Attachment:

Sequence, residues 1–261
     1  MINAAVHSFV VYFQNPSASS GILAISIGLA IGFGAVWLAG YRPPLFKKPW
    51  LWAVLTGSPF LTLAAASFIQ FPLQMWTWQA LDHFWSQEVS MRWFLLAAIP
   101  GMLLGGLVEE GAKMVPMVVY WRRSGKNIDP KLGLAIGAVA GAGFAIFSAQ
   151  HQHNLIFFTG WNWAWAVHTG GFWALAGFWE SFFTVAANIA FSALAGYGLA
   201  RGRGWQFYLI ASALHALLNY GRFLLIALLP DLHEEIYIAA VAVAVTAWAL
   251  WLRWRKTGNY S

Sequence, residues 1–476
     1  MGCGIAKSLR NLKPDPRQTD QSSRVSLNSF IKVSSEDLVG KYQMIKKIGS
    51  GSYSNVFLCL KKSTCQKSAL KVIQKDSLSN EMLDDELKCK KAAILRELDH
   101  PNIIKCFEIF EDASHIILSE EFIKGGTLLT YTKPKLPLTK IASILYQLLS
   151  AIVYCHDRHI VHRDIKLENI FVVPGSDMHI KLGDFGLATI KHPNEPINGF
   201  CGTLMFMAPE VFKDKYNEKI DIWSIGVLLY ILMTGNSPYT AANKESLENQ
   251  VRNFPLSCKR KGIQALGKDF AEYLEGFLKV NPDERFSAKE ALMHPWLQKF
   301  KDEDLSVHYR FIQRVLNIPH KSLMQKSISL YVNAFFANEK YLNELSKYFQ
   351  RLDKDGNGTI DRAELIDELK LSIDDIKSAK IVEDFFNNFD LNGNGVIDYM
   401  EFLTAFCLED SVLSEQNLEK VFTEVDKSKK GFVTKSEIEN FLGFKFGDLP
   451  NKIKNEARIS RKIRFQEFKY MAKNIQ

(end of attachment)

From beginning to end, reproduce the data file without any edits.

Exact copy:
Sequence, residues 1–261
     1  MINAAVHSFV VYFQNPSASS GILAISIGLA IGFGAVWLAG YRPPLFKKPW
    51  LWAVLTGSPF LTLAAASFIQ FPLQMWTWQA LDHFWSQEVS MRWFLLAAIP
   101  GMLLGGLVEE GAKMVPMVVY WRRSGKNIDP KLGLAIGAVA GAGFAIFSAQ
   151  HQHNLIFFTG WNWAWAVHTG GFWALAGFWE SFFTVAANIA FSALAGYGLA
   201  RGRGWQFYLI ASALHALLNY GRFLLIALLP DLHEEIYIAA VAVAVTAWAL
   251  WLRWRKTGNY S

Sequence, residues 1–476
     1  MGCGIAKSLR NLKPDPRQTD QSSRVSLNSF IKVSSEDLVG KYQMIKKIGS
    51  GSYSNVFLCL KKSTCQKSAL KVIQKDSLSN EMLDDELKCK KAAILRELDH
   101  PNIIKCFEIF EDASHIILSE EFIKGGTLLT YTKPKLPLTK IASILYQLLS
   151  AIVYCHDRHI VHRDIKLENI FVVPGSDMHI KLGDFGLATI KHPNEPINGF
   201  CGTLMFMAPE VFKDKYNEKI DIWSIGVLLY ILMTGNSPYT AANKESLENQ
   251  VRNFPLSCKR KGIQALGKDF AEYLEGFLKV NPDERFSAKE ALMHPWLQKF
   301  KDEDLSVHYR FIQRVLNIPH KSLMQKSISL YVNAFFANEK YLNELSKYFQ
   351  RLDKDGNGTI DRAELIDELK LSIDDIKSAK IVEDFFNNFD LNGNGVIDYM
   401  EFLTAFCLED SVLSEQNLEK VFTEVDKSKK GFVTKSEIEN FLGFKFGDLP
   451  NKIKNEARIS RKIRFQEFKY MAKNIQ